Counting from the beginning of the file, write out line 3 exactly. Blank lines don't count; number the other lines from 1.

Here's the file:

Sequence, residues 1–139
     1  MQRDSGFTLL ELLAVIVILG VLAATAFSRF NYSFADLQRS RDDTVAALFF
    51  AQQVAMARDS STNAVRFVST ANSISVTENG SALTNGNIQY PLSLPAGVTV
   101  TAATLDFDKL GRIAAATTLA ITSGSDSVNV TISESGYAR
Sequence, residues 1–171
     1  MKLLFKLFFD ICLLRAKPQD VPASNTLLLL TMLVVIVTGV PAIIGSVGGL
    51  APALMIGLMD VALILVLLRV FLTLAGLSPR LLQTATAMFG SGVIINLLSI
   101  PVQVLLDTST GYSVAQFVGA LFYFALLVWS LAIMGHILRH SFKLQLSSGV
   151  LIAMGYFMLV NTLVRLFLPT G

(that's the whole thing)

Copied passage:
    51  AQQVAMARDS STNAVRFVST ANSISVTENG SALTNGNIQY PLSLPAGVTV